Should You Continue With Addiction Treatment After Detox?

Addiction treatment is a long process that requires some hard work on your part. A key question in many people’s mind, though, is whether it is really necessary to continue with addiction treatment once you finish a detox program. Learn more about the benefits of the full continuum of care in treatment and what is involved in long-term addiction treatment.

What is Addiction Treatment?

Addiction treatment is a long-term process that addresses multiple issues that cause, are caused by, or somehow affect your substance use disorder. Treatment typically lasts a few months and involves various levels of care. As you progress through these levels of care, you are going through what is referred to as the continuum of care. The levels of care after detox are as follows:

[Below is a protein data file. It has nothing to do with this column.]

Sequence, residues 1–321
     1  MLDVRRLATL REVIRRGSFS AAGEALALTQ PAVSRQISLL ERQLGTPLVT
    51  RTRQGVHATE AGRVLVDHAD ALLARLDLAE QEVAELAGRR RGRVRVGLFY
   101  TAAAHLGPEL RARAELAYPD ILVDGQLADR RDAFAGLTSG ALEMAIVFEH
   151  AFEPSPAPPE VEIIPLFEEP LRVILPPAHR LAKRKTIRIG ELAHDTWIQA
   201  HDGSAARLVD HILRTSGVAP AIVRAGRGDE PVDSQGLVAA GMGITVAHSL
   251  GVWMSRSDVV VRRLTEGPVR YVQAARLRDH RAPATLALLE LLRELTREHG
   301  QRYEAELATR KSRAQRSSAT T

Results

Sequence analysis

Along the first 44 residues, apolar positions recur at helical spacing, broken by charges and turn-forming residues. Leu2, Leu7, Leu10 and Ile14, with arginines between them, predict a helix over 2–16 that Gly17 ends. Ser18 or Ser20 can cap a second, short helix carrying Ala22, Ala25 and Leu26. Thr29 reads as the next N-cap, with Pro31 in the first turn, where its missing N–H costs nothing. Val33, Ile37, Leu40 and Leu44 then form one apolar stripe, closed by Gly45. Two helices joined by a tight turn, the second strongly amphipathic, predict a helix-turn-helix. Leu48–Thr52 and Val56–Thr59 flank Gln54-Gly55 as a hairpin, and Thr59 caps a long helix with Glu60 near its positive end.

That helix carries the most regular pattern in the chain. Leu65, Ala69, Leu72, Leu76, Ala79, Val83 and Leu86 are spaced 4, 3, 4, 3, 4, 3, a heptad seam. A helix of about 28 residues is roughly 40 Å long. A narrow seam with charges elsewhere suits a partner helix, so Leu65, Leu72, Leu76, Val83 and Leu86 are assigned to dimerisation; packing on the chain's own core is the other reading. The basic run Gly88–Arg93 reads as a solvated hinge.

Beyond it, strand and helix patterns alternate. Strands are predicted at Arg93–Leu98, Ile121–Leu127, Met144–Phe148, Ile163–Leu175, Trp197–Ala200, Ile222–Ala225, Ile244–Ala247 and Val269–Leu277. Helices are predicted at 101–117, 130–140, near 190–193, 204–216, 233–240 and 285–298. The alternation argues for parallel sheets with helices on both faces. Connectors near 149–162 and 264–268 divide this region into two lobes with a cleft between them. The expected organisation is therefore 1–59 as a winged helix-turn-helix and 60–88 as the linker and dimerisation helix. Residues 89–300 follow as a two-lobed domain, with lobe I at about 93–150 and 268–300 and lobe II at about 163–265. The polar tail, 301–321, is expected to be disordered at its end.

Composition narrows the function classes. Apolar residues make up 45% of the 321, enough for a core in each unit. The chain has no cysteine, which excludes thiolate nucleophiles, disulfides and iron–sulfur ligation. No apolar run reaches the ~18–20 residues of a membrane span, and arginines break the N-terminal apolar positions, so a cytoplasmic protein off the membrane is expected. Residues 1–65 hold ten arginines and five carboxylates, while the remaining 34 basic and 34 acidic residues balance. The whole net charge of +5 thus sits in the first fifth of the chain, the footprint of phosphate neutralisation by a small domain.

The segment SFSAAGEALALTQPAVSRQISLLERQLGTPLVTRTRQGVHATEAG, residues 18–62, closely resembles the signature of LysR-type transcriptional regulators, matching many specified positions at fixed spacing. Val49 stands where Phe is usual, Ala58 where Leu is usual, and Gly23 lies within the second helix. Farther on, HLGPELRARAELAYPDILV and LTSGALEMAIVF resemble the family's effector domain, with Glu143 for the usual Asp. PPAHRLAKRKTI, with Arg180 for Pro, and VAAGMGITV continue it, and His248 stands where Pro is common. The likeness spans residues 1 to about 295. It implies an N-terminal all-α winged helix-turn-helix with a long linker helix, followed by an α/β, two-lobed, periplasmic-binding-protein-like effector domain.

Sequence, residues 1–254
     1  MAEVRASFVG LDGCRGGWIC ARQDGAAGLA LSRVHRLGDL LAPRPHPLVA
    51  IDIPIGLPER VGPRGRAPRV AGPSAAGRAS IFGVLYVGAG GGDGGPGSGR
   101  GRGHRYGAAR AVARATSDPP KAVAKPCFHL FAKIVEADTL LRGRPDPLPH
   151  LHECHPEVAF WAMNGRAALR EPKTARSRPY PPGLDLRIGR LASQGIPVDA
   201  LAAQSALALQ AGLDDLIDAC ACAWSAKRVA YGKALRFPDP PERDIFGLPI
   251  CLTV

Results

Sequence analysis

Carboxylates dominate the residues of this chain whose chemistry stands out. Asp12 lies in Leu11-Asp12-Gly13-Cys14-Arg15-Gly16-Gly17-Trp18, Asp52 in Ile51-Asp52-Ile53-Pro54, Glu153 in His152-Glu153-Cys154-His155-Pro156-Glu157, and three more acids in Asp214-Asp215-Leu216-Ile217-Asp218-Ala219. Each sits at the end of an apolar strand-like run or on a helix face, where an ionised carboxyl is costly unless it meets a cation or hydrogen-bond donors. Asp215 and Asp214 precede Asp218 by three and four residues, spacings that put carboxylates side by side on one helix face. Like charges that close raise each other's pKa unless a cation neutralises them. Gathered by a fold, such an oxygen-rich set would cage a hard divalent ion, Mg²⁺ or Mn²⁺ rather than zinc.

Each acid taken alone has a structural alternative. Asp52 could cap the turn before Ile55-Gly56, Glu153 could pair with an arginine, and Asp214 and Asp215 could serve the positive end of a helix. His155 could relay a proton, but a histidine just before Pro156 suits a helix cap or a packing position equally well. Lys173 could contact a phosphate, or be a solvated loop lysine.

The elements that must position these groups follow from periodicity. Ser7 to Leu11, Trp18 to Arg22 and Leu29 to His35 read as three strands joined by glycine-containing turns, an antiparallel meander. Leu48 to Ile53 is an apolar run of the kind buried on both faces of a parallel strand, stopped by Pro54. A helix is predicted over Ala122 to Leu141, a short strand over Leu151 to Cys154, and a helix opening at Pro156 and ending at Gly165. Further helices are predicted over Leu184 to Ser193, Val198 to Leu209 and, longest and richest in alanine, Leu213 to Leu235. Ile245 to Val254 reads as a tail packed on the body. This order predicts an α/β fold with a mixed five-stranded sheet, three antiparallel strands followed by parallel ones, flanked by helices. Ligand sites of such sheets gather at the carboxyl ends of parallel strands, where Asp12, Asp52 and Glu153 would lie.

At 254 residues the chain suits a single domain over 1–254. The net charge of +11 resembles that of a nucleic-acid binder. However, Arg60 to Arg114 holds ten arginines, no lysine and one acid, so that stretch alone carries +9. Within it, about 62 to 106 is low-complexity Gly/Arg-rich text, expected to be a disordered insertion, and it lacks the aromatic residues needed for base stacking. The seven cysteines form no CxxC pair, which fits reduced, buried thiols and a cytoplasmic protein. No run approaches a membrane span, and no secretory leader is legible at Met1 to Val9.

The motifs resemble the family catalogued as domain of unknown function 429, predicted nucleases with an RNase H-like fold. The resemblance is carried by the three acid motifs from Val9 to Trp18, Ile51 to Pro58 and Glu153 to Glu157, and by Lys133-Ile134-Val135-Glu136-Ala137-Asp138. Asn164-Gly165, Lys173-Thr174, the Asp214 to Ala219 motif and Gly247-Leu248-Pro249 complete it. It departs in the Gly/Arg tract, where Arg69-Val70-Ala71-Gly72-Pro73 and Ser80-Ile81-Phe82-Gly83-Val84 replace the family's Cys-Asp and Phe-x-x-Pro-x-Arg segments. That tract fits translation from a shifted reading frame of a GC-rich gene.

• Inpatient services. This is a highly intensive level of care that involves 24 hours of medical monitoring every day, in addition to clinical services. If you have ongoing medical concerns, or there is a threat of dangerous post-acute withdrawal symptoms, this level of care is ideal for you.
  • Intensive outpatient (IOP). When medical and psychological conditions no longer threaten your treatment progress or personal well-being you may progress through to IOP. At this level, you will still have access to highly-intensive clinical services of more than nine hours each week.
  • Outpatient services. In outpatient services, you will have access to fewer than nine hours of clinical services. But this additional support is helpful in easing you into independent life.